Last week, I wrote how to get attention with your query letter. But once you’ve written a great query letter that’s drawn the agent or editor’s attention, the next step is, of course, keeping their attention with the manuscript itself. So what it is that agents and editors look for when reading the first pages of a submission? In my experience reading the sub pile, here are elements that pull me in:
This is the most important element for me, and the hardest one to define. The voice is the expression of personality on the page that tells the story. Everything from sentence structure to word choice to punctuation can convey voice, and all of them must work together seamlessly to keep it consistent. A killer voice will stand out right away and draw the reader in. For more on writing with strong voice, check out this post.
- A hook
It’s crucial to hook your reader right away, to make them want to keep reading your story. There are lots of ways to do this—by raising questions, using humor, introducing mystery, and more. But you must give the reader a reason to keep reading—not just in the first chapter or on the first page, but in the very first sentence. Don’t show the reader an ordinary day or waste time on backstory or explanation that the reader doesn’t care about. Draw them in with the meat of the story right away. For more on this, check out some examples of great opening lines and posts on writing great openings.
- A compelling character
It’s important to introduce your reader to a character that they’ll find compelling enough to follow for the course of the entire book. Your main character doesn’t necessarily have to be sympathetic or even likeable, but they do have to be compelling. Readers have to be given a reason to care about this story, and a fascinating character is a great way to do that. Give them a character they don’t want to stop reading about. For more about writing protagonists, see this post.
This is a simple element of all stories, but it’s often lacking in first chapters. Conflict must be present at every moment of your story. What’s stopping your character from getting what they want right now? Why isn’t there a simple solution? What will they have to do in order to get what they want? Without enough conflict, your story will quickly seem dull or uninteresting. For more on conflict, see this post.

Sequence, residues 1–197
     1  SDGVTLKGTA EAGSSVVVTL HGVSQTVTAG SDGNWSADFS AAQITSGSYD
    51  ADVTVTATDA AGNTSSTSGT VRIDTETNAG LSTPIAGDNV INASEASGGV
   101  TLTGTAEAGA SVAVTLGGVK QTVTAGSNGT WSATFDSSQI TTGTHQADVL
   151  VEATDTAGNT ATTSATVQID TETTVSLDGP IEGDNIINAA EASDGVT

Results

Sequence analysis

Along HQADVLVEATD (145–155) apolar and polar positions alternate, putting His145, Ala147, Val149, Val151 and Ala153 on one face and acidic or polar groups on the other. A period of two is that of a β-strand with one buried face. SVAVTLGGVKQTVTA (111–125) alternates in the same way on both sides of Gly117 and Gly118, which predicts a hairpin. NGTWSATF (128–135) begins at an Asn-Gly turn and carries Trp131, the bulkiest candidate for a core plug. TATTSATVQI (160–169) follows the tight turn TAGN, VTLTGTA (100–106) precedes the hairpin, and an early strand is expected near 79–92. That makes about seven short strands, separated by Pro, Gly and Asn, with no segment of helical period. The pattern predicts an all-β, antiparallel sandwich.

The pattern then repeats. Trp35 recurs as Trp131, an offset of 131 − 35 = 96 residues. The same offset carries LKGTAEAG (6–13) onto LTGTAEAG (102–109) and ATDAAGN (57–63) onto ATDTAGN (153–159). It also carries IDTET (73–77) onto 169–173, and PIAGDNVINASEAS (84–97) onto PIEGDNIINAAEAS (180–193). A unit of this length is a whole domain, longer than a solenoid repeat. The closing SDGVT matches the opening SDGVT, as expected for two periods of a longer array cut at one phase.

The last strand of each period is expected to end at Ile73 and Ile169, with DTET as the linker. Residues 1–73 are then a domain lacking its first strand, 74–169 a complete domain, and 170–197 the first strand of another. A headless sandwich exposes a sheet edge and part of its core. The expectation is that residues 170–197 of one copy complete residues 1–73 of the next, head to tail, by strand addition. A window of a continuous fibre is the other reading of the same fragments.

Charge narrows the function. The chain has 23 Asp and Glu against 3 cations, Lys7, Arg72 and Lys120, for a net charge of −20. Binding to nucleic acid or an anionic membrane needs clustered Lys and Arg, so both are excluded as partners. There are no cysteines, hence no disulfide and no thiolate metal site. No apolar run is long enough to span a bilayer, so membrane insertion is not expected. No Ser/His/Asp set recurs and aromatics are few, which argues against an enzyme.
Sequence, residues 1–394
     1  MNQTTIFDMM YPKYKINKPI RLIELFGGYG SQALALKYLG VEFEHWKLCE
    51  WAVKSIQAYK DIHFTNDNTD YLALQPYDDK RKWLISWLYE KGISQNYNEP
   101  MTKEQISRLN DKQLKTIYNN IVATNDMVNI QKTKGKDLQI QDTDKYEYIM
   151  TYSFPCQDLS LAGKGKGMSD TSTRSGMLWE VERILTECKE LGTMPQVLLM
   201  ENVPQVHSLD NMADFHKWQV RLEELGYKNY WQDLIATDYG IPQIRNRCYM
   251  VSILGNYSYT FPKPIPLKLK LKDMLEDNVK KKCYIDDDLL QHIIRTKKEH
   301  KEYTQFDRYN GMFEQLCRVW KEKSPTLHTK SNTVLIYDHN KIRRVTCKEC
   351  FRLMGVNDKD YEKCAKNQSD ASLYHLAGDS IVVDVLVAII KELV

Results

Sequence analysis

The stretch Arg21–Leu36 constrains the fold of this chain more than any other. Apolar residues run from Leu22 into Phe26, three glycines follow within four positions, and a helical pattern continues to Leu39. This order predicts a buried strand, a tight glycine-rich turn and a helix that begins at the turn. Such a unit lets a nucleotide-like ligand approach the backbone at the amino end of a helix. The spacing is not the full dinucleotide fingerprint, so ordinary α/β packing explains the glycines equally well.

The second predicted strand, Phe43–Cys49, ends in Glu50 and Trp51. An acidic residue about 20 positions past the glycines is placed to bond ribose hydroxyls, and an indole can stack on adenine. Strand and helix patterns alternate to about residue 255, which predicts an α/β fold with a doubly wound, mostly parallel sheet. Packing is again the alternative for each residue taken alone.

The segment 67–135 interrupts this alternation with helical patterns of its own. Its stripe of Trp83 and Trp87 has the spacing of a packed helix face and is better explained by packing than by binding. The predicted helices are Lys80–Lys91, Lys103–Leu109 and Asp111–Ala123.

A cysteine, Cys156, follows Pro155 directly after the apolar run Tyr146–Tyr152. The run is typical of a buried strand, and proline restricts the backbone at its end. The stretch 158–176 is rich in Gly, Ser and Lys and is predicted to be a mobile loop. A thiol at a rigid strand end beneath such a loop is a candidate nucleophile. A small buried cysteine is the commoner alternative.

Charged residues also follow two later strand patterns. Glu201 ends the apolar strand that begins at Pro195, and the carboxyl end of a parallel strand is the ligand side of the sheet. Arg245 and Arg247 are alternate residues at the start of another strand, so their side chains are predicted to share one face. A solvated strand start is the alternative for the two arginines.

- A central goal
Every protagonist needs a strong central goal, something that’s driving all of their actions. In genre fiction, the goal tends to be external—the detective wants to solve the murder and catch the killer, the wizard wants to defeat the dark lord, the superhero wants to defeat the villain, etc. But goals can be internal too—a character who wants to be loved, or one who needs to find self-acceptance, etc. Protagonists may or may not be aware of the goal, but readers must be. Whatever goal you choose, make sure that the protagonist takes clear, concrete steps to achieving it, or the goal may feel murky to reads. For more on goals, see this post.
- Clear stakes
What’s at stake for your protagonist if they don’t achieve their goal? This is an element that is often missing from the manuscripts I see, but it’s absolutely crucial. Give the character a reason to care about whether or not they achieve their goal, so that readers will care too. For more about stakes, see this post.
What do you think? What grabs your attention when you’re reading? How do you include these elements in your manuscript? Let me know in the comments!
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